Home buyer's Guide to Better Credit
Choosing a lender isn't the first step in becoming a homeowner. The quality of your wallet begins the home buying process. To realize your goal of owning a home, you must consider your FICO score along with the type of lender for which you'll qualify in Newburgh, New York.
The Fair Isaac Company calculates your FICO score on the summary of your complete credit history. The score ranges from 300 to 850, with most people traditionally having a score of 650. With the change in the economy, however, some people have seen their score lowered after unemployment, charged off credit card accounts, or credit card accounts closed by the lender due to inactivity. Some of the factors in summing up your FICO score include:
- Payment History — How many late payments have you made?
- Credit to Debt Ratio — How much do you owe versus how much credit you have available?
- Credit Inquiries — How many times has your credit history been accessed by someone other than you?
- Types of Credit — Do you have a healthy mix of credit cards and loans?
Lenders want to make sure that allowing you a loan is a safe move. Your FICO score gives lenders an insight into what type of borrower you'd be solely because of your credit history. Because of the shift in the economy, most home buyers should have scores in the range of 700 or higher to get a decent interest rate. You can get approved for a mortgage loan with a lower score, but the interest accrued over the life of the loan could be more than double that of an individual having a near perfect credit score.
We're used to working with all levels of FICO scores. Contact us and we can help you get on the right track to the home of your dreams.
How do you get a better score? Improving your FICO score takes time. It can be difficult to make a significant change in your FICO score with small changes, but your score can improve in a year or two by monitoring your credit report and by wisely using credit. The best way to do this is to know your FICO score. You'll improve your credit score by using these helpful hints:
- Don't let your cards get dusty. Whether you're just getting started with credit, or if you've got older cards, use your cards to make sure your accounts stay active. But, pay them off in one or two payments.
- Stay on top of payments. Your FICO score plummets with every account that goes to collections. It's one of the reasons people who have recently been unemployed see the biggest hit in their credit score. Yes, it takes longer to rebuild your credit with payment history, but it's the most reliable way to show that you're able to make payments to a lender.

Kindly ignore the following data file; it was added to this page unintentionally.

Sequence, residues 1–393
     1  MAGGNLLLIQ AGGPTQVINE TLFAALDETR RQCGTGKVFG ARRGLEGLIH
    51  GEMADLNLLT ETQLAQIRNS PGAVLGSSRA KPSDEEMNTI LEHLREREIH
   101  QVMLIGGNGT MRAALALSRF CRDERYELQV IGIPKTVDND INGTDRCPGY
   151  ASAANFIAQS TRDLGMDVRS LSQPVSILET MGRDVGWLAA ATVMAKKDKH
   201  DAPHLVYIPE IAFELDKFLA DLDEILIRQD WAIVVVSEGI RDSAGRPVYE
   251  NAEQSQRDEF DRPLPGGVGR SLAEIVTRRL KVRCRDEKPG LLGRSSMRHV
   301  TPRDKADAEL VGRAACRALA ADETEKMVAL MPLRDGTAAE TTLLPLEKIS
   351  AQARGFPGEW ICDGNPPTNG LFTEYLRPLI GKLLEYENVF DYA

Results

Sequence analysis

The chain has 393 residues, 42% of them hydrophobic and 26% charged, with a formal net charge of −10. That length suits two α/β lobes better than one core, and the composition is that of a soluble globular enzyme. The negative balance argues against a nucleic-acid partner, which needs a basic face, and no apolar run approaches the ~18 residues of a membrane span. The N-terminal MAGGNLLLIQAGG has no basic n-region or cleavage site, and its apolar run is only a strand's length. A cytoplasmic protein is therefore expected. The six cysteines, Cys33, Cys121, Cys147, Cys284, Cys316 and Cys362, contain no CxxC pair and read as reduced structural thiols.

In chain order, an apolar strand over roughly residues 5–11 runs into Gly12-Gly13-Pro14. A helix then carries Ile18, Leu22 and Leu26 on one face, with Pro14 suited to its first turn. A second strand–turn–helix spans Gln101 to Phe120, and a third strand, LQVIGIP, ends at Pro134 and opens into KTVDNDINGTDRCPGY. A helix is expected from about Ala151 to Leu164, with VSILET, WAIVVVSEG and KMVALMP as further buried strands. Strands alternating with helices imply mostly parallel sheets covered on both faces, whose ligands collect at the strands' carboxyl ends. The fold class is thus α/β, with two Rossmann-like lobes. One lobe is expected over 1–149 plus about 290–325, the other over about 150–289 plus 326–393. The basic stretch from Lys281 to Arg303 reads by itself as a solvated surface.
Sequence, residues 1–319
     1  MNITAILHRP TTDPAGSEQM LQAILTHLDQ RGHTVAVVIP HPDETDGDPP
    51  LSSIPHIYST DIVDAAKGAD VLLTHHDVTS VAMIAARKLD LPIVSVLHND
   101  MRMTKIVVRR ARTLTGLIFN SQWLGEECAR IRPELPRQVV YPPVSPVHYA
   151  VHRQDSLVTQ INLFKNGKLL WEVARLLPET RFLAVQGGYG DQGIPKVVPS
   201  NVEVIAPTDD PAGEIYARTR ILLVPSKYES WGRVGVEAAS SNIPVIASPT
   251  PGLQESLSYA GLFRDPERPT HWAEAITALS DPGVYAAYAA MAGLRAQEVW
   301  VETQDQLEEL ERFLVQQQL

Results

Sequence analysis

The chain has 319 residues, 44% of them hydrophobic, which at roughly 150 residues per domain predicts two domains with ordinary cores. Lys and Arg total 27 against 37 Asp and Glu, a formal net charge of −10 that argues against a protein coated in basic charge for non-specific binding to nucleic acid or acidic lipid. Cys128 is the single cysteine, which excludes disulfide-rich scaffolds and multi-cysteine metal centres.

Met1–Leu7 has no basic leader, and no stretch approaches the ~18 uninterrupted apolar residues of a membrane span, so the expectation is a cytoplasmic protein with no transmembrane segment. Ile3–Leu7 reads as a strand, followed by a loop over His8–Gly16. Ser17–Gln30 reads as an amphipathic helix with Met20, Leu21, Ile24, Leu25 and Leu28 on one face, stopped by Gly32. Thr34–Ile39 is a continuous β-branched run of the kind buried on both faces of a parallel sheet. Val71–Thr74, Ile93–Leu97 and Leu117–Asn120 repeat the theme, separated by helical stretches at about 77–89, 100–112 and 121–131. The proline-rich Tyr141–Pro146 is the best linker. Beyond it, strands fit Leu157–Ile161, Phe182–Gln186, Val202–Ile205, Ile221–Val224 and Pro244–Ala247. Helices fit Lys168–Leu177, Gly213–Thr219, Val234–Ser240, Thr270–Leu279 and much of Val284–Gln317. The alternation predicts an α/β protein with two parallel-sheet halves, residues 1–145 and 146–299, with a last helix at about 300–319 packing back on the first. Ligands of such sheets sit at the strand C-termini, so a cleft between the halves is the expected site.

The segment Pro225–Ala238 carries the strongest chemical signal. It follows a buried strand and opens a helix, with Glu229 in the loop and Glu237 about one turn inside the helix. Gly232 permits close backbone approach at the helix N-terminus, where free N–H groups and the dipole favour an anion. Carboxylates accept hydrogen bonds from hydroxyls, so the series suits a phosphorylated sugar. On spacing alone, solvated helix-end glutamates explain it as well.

- Correct your credit report. If you find incorrect items on your credit report, write to the bureau asking that the item be removed. If you have a common name or the same name as a family member, you'll want to pay extra attention to make sure the activity reported is correct.
- Even out your debt. At first, this doesn't seem like a good idea. But, you don't want to have one card that is maxed out and have the rest of your cards at a zero balance. It's better to have each of your cards at about less than 40% of their credit limit than to have all of your debt taking up the balance a single card.
- Apply for service station cards or store credit. For those who have no credit or less-than-stellar credit, store credit cards and gas credit cards are ways to obtain credit, increase your spending limits and have a solid payment history, which will raise your FICO score. You must always beware of holding a high balance for too long because these types of cards usually have a steeper interest rate.
Knowing the methods you can use to raise your FICO score, you're one step closer to becoming a homeowner. Keep in mind that when it's time to apply for a loan to purchase a house, you'll want to keep your credit inquiries within a two-week window to avoid damaging your credit score. With the help of Countryman Real Estate Associates, the loan application process is sure to go more smoothly so you, too, can become a homeowner.
Learn more about FICO scores at myFICO.com, Fair Isaac's informational site and once per year, for free, you can review all three of your credit reports at annualcreditreport.com. And, for a small payment, you can get your FICO score from each bureau on their websites: equifax.com, experian.com and transunion.com.